Using Uri Matcher to Figure Out the URIs

We've mentioned the UriMatcher class several times now; let's delve into it. Almost all methods in a content provider are overloaded with respect to the URI. For example, the same query() method is called whether you want to retrieve a single book or a list of multiple books. It is up to the method to know which type of URI is being requested. Android's UriMatcher utility class helps you identify the URI types.

Here's how it works: you tell an instance of UriMatcher what kind of URI patterns to expect. You will also associate a unique number with each pattern. Once these patterns are registered, you can then ask UriMatcher if the incoming URI matches a certain pattern.

As we've mentioned, our BookProvider content provider has two URI patterns: one for a collection of books, and one for a single book. The code in Listing 3-31 registers both these patterns using UriMatcher. It allocates 1 for a collection of books and a 2 for a single book (the URI patterns themselves are defined in the metadata for the books table).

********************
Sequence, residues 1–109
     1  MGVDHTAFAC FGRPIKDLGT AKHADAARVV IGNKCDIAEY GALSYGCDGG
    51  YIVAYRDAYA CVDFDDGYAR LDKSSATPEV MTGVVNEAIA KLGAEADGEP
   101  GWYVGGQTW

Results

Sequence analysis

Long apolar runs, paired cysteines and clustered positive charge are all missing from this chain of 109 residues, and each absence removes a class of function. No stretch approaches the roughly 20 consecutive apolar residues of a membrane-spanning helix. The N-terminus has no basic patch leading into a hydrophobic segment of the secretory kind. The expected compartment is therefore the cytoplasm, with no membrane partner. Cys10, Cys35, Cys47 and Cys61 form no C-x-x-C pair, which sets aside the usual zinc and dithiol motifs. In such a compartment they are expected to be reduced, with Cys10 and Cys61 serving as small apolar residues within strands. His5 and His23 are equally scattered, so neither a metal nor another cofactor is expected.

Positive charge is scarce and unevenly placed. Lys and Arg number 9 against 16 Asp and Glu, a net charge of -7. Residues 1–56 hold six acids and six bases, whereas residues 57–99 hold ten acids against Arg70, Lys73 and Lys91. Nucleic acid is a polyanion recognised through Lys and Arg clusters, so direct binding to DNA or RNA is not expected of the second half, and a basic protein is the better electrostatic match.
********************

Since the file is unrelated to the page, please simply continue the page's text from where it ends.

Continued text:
Listing 3-31. Registering URI Patterns with UriMatcher private static final UriMatcher sUriMatcher; //define ids for each uri type private static final int INCOMING_BOOK_COLLECTION_URI_INDICATOR = 1; private static final int INCOMING_SINGLE_BOOK_URI_INDICATOR = 2;

static {

sUriMatcher = new UriMatcher(UriMatcher.NO_MATCH); //Register pattern for the books sUriMatcher.addURI(BookProviderMetaData.AUTHORITY

, INCOMING_BOOK_COLLECTION_URI_INDICATOR); //Register pattern for a single book sUriMatcher.addURI(BookProviderMetaData.AUTHORITY


Now that this registration is in place, you can see how UriMatcher plays a part in the query-method implementation:

switch (sUriMatcher.match(uri)) {


throw new IllegalArgumentException("Unknown URI " + uri);

Notice how the match method returns the same number that was registered earlier. The constructor of UriMatcher takes an integer to use for the root URI. UriMatcher returns this number if there are neither path segments nor authorities on the URL. UriMatcher also returns NO_MATCH when the patterns don't match. You can construct a UriMatcher with no root-matching code; in that case, Android initializes UriMatcher to NO_MATCH internally. So you could have written the code in Listing 3-31 as this instead:

static {

sUriMatcher = new UriMatcher(); sUriMatcher.addURI(BookProviderMetaData.AUTHORITY




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